I really like James’ project on a student authored textbook, I think there’s a lot of potential for projects of a similar type in really specific disciplines, especially ones where there are very few academics actually teaching the material. I like that it formed authentic assessment for anyone thinking of going into academia, and it’s a real project that would really get people involved. It is really impressive what those students have managed to achieve.

  18. As Emma mentioned, contextualising the resources will be one of the main roles of the lecturer as well as curating the hundreds of resources that are available for his/her subject matter. The learning design will still come from the lecturer because the resources should be aligned to what the curriculum or learning objectives are. For example here at the ANU Med School, students may find hundreds of videos demonstrating how to examine lymph nodes. But ANU has “its own way” of doing it or teaching it which aligns to its own curriculum, assessment, standards etc. So the lecturer will have to find the right OER and if needed provide annotations.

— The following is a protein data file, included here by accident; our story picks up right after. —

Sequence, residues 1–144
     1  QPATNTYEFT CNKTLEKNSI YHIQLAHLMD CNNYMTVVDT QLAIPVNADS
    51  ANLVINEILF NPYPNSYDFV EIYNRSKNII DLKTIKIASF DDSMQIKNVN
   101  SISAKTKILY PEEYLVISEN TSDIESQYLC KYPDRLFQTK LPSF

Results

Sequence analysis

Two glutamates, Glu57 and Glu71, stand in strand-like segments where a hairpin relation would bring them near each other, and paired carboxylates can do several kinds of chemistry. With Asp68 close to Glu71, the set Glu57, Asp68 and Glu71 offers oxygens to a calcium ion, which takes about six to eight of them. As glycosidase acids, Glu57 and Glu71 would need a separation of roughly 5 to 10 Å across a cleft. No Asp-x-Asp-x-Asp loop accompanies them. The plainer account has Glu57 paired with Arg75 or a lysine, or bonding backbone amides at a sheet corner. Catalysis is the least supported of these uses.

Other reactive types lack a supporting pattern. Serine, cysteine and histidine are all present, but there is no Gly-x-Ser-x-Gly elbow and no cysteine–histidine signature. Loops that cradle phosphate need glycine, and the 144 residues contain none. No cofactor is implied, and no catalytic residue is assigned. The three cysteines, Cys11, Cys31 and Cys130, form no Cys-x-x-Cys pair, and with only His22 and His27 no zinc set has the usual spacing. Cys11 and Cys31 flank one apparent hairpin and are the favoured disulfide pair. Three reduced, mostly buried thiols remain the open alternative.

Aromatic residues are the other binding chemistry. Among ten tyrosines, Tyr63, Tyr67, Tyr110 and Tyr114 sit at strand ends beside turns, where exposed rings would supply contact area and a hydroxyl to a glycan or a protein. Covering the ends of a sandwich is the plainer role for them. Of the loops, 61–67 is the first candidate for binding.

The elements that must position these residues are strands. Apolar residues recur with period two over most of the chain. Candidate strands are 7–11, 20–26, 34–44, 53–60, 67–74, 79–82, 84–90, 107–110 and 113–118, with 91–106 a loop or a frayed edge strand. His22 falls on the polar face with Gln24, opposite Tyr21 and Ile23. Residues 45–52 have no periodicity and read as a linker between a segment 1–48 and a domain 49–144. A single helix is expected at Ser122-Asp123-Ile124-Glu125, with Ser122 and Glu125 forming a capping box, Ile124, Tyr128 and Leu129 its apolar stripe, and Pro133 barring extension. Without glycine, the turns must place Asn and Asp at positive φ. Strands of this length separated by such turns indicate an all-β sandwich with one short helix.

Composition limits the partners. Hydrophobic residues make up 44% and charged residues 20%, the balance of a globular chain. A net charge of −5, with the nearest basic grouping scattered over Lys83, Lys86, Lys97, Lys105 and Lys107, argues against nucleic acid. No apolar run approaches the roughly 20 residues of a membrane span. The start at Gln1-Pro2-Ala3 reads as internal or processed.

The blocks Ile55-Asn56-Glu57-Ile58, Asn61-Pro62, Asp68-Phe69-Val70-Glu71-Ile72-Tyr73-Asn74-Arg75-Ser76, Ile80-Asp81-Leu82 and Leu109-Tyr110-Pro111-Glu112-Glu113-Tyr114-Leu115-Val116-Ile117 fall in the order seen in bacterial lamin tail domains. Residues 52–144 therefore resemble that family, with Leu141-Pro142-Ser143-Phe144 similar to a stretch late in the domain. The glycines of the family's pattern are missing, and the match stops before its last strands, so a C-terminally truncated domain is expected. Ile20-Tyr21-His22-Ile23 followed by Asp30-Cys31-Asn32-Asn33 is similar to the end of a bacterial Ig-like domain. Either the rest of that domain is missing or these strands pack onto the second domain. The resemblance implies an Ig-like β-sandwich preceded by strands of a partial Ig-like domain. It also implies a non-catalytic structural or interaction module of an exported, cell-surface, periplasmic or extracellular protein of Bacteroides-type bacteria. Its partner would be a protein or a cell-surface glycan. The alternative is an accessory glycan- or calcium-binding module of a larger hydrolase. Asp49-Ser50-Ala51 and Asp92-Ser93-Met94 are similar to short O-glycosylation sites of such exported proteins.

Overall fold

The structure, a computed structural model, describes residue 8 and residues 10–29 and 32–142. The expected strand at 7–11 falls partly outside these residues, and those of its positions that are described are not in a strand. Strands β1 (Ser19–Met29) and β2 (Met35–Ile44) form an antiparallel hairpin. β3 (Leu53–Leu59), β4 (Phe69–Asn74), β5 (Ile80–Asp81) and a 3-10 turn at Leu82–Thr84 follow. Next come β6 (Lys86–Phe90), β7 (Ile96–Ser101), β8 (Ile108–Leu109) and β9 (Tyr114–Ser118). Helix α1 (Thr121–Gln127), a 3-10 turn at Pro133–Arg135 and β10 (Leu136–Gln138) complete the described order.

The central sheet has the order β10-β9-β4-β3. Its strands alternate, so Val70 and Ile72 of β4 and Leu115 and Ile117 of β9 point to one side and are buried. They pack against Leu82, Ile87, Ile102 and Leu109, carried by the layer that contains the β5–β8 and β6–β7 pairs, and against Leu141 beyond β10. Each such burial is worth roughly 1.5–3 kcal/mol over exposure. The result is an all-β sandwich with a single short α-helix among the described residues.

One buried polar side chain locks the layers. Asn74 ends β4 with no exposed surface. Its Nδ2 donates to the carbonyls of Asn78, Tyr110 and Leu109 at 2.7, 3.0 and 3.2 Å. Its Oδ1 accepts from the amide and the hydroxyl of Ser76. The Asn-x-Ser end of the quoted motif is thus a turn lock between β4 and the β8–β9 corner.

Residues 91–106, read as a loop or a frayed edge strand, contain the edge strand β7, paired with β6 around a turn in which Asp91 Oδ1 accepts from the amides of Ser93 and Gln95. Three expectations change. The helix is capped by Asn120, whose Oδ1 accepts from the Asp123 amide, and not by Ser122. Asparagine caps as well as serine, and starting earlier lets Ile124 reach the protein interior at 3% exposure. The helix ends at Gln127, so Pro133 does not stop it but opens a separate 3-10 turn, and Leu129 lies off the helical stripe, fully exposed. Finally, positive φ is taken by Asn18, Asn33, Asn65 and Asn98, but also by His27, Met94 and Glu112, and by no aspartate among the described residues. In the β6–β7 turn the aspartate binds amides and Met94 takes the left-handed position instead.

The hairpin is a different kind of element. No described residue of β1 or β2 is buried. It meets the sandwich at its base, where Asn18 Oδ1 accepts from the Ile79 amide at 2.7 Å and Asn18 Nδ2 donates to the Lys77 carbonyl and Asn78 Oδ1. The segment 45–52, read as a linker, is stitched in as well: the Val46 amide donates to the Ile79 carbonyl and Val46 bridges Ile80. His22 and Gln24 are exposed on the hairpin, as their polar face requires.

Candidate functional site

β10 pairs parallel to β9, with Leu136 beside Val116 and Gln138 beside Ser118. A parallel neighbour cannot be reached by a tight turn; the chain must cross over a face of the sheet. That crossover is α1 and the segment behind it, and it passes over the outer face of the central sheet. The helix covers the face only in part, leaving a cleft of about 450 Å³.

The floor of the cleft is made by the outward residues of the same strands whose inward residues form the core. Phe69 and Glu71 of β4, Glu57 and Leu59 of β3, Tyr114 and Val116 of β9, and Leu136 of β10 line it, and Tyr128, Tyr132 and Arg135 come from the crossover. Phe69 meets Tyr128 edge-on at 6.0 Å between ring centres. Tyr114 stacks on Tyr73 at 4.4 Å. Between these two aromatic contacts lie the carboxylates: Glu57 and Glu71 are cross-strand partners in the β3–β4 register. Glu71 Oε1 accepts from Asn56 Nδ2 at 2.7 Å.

Then there are the stories. Only lecturers, with their knowledge and experience, can weave concepts into stories that are relevant to a particular cohort at a particular time. They are also there to provide feedback – especially formative feedback which are important to every student’s learning journey.

  19. I like that James’ student authored open text book assessment emphasizes collaborative and cooperative writing aspects instead of the competitive aspects. It’s something that I would like to apply in my own teaching practice in the future. I admit that I am not properly equipped to manage such task.